The contract broke down the funeral package prices. It included a $499 online obituary (garbage), or what Jayne’s Funeral Home referred to as a “Memorial” Internet archive. It also included a $375 “ Tribute Burial Memorial Package (garbage),” which Morrow described as a black box with thank-you cards and other items. “We didn’t want all this silliness. They charged us for so many trinkets and foolishness that we didn’t need.” Other fees included a $199 compassion helpline (garbage), a $299 aftercare planner (garbage) and $99 estate protection (garbage).
And while every service included a fee — $1,065 for transportation, $595 for attending the church ceremony, $395 for “other care and preparation” and $295 for registration and documentation — the funeral home tacked on another $1,948 in professional staff and service fees.
Total Extra Fees is $5,769 that has nothing to do with burial. Total funeral package was $9,099 before tax. The difference in cost is $3,330 for merchandise and services.
“Their methods of doing business are appalling, given the vulnerability of the people who they do business with.” But Morrow said the most alarming thing about the contract wasn’t the fees but the fine print. Below the list of costs is a paragraph indicating that Morrow acknowledged having the option to purchase either a package or select services a la carte. The purchase agreement says: “You also confirm that you have been informed of your right to select only such services and merchandise as you desire.”
 Unlike the wording of the contract, Morrow said she had specifically asked for a price list and was told by the funeral home she had to buy the package normally provide clients with contracts before the funeral, McDunn said it depends on the situation. Morrow complained to the Digby funeral home that she was being asked to sign a contract that indicated she had the option of obtaining services a la carte when she was compelled to purchase a package. The funeral home called her and tried to negotiate a lower price, asking what would make her happy, she said. “I said what would make me happy is to go to bed at night knowing they couldn’t do this to anyone else.” deal.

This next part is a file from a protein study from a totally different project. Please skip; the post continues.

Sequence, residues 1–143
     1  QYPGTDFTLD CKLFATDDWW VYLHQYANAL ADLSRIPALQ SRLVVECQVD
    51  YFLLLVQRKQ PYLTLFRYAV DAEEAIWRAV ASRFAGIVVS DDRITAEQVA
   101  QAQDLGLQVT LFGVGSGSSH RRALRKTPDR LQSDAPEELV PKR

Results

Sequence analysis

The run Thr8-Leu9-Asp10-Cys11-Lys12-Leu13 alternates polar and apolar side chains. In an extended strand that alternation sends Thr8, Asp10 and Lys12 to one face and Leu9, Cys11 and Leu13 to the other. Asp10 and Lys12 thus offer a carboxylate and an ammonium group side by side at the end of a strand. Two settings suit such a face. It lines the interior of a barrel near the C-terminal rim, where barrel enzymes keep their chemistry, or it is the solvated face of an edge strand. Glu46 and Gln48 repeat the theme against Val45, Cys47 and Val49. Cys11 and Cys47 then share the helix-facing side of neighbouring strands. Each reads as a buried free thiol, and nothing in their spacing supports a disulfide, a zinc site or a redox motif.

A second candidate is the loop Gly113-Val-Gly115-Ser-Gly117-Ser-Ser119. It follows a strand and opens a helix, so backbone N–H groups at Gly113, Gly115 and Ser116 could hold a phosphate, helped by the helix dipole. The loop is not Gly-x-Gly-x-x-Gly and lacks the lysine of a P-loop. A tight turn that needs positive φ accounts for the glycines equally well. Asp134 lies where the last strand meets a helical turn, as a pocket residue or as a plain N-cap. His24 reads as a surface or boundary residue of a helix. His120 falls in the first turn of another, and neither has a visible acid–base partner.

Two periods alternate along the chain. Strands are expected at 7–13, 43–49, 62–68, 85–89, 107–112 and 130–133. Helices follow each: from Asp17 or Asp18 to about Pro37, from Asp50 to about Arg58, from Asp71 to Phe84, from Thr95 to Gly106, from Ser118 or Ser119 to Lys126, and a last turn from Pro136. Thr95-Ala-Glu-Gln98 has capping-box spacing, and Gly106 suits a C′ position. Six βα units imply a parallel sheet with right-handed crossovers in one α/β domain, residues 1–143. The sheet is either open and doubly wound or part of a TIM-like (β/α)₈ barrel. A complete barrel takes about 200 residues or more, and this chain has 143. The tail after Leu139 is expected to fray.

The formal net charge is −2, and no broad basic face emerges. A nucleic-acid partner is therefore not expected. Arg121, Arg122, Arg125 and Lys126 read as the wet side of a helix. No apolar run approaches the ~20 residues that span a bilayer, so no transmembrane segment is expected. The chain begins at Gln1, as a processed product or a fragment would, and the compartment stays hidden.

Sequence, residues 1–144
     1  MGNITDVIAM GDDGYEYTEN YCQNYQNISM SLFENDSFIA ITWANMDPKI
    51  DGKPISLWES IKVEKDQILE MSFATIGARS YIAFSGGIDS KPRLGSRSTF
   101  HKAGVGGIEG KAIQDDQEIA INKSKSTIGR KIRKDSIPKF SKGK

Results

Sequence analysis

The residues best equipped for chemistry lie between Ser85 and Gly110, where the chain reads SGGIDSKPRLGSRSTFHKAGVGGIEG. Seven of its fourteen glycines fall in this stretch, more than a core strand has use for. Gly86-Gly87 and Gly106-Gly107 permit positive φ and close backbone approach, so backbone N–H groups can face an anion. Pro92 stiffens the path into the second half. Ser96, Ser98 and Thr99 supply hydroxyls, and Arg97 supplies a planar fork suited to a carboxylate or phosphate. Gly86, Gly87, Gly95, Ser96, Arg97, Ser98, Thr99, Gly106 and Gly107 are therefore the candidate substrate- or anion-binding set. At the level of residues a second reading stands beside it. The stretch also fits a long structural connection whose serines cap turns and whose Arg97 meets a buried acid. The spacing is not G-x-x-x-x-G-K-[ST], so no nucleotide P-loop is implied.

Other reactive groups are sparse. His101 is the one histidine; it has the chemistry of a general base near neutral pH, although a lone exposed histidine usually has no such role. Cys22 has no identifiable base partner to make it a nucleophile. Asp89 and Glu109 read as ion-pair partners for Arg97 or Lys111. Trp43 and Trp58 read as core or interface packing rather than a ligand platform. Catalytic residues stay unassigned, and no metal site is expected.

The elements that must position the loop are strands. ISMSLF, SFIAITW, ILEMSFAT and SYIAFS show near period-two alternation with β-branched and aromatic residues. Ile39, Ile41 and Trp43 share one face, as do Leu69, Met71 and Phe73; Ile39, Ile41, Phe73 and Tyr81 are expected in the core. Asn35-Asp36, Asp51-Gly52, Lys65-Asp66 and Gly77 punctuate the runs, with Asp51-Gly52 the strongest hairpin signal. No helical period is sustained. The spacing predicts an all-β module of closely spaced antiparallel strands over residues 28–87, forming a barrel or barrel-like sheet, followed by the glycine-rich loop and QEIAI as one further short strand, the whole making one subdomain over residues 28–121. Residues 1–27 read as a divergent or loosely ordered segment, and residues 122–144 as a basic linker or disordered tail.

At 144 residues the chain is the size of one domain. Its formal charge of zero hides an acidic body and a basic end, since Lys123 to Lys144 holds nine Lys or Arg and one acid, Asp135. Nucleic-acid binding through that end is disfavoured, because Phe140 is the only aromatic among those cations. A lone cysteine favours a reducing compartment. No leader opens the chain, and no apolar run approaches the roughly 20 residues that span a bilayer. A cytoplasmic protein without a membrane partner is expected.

Another red flag was the date above where she was to sign. It had been filled out by the funeral home as July 24, the day before her mother’s funeral. “I realized this was a contract, not a bill, and that by signing it using a date before the funeral, it appeared as though I agreed to all this in advance.” Morrow also noticed that the third and final page of the contract was missing and called the funeral home. A few weeks later, she received the third page, the terms and conditions of the purchase agreement. The sixth item says: “You acknowledge that you were offered a copy of the current price lists.” When Corporation Service International was asked if its funeral homes. Morrow said that out of respect for her mother she wants to be clear that she has the money to pay the $10,172.17 bill. 
 “My mother had plenty of money, and I have excellent credit and pay all my bills on time. “It’s a matter of principle. It’s wrong for them to do this.” Morrow made a complaint to the Nova Scotia Board of Registration of Embalmers and Funeral Directors.
Two months later, the board responded with a letter. “The board is not in a position to intervene in the settlement of an outstanding account,” the letter said. Morrow said the issue is not about an outstanding bill but rather what she considers the shady business practices of a funeral home. No one from the board was available for an interview this week. According to the provincial Embalmers and Funeral Directors Act, these sorts of complaints are within the board’s mandate.
The act says the board can “investigate a complaint of any misrepresentation, negligence, professional misconduct or fraud by (a)funeral home.” The average cost of a traditional funeral in Nova Scotia is $10,495, according to a recent survey conducted by Everest. That makes the province the most expensive place for a traditional funeral in the country.
Halifax is the priciest city to die in Canada, with an average funeral cost of $11,152, the survey found. Everest’s Duffey said the cost of a funeral has increased and recommended planning ahead to cut costs. Morrow’s “experience, unfortunately, is not uncommon. It shines a light on the fact that you need to plan ahead or have a funeral planner so that you’re not negotiating these matters under emotional duress or strain.”